• teach students about growth mindset?
  • explain the purpose and value of an assignment (sell the benefits)?

You can listen to Peter Felton talk about the research on engaged learners, or read the transcript, on the Teaching In Higher Ed website.  Today’s post was written by guest contributor, Elisabeth Frederickson from Edmonds Community College.

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I love butterflies. Over the summer I watch butterflies in my garden, and am delighted when they flutter around, landing for just a moment on a flower before heading off to search for more nectar.

The kind of butterflies I DON’T like are those I get on the first day of class. Walking into a classroom (virtual or otherwise) with a group of new students, wondering what kind of impression I’ll make has always made me a bit nervous. When I share this with students, they can hardly believe it – What? they say…but you’re the expert! You’ve been teaching a long time! Why do you still get butterflies on the first day??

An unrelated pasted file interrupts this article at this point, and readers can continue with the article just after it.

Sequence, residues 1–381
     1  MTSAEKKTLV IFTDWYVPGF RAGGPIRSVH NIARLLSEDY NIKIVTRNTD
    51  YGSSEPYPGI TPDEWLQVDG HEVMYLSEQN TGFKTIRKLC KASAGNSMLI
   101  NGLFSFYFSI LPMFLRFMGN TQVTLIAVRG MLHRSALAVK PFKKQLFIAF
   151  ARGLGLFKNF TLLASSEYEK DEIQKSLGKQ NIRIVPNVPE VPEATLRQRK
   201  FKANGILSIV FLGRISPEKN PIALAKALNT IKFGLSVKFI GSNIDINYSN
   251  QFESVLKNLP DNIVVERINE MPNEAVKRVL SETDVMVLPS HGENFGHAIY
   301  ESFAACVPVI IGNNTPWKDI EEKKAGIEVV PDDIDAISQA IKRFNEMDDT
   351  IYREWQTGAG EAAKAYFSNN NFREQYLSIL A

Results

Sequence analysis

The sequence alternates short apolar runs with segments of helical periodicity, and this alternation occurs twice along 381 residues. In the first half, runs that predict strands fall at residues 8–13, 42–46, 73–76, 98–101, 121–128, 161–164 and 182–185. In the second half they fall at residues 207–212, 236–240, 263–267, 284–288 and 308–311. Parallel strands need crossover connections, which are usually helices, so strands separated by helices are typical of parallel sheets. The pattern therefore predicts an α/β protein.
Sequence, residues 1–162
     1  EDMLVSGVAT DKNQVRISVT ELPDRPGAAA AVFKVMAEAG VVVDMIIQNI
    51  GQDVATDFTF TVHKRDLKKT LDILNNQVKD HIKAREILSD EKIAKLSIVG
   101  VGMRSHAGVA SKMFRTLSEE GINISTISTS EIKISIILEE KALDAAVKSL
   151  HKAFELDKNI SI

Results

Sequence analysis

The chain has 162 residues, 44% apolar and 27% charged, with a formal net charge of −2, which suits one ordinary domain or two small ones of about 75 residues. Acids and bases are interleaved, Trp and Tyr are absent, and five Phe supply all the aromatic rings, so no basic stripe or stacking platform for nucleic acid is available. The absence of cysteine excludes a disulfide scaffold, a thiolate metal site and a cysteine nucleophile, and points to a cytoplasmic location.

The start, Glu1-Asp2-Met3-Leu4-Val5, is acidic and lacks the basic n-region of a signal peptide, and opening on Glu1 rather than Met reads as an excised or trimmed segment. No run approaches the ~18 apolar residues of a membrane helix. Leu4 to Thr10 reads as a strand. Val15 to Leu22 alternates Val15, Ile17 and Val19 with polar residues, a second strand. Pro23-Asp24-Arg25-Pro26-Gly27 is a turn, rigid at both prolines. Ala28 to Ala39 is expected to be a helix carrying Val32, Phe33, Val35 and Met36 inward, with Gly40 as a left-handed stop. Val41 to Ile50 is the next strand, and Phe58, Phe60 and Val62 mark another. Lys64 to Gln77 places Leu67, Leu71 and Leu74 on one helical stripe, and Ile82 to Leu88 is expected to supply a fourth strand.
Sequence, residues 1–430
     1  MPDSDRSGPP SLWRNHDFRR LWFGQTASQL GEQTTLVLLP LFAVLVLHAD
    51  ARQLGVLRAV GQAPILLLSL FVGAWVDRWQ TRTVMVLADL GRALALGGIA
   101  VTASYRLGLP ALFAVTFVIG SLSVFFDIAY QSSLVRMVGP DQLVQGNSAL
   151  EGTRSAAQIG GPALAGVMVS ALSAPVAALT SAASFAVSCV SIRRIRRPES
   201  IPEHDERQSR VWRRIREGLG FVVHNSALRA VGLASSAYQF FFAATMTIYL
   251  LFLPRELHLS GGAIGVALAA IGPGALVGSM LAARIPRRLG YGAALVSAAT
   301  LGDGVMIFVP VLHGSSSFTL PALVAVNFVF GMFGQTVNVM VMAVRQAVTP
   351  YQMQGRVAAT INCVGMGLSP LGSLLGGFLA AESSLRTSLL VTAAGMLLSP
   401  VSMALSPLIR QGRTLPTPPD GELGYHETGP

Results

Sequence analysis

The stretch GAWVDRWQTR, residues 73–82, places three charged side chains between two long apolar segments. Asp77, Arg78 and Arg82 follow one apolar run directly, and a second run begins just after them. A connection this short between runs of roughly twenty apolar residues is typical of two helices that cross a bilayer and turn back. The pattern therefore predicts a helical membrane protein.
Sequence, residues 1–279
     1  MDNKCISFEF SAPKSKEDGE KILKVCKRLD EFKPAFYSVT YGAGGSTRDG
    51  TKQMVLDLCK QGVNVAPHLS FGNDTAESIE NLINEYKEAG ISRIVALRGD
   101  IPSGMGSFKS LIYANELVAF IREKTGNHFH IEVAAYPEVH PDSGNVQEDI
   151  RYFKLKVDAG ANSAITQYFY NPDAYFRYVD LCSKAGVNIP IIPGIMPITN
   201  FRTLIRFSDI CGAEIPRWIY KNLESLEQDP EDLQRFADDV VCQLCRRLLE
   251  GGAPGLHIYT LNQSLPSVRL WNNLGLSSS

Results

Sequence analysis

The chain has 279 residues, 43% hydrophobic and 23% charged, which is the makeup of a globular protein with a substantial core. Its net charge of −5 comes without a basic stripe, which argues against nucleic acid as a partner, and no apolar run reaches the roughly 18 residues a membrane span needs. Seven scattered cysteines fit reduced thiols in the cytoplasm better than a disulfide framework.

Delaney J. Kirk, Ph.D. from University of South Florida Sarasota-Manatee (and who has 27+ years teaching experience!) still gets a little nervous at the beginning of a class. In an article she wrote for the Faculty Focus blog, she outlined 10 tips for getting ready for that first day:

Develop your own routine before going to class. Take a short brisk walk beforehand. Twirl your wrists to gently shake the stress out of your arms. Relax your shoulders; people tend to “hunch up” their shoulders when tense. Do some deep breathing.
Check out your classroom before the students get there
. Walk around and get familiar with the room, podium, how the seats are arranged, etc. Make sure you know how to work any technology you’ll be using.
The first few minutes are crucial. Your students are curious about you and the course. Everything (how you dress, walk, present yourself) are clues as to your personality and credibility. Walk briskly and with purpose into the classroom.
Chat briefly with the students as they come into the room
to make yourself (and the students) feel more comfortable.
Act confident and enthusiastic about what you will be doing that first day. Don’t say that you are nervous as this makes the students uncomfortable and you will lose credibility with them.
Also, it’s best not to tell your students that this is the first time (if it is) that you have taught this particular course. You should know more about the topic than they do so they’ll assume you’re an expert.
Use notecards or form to gather information about your students (name, email address, past class experience with the topic, work experience, etc). This takes the focus off you and onto the task which gives you time to get comfortable.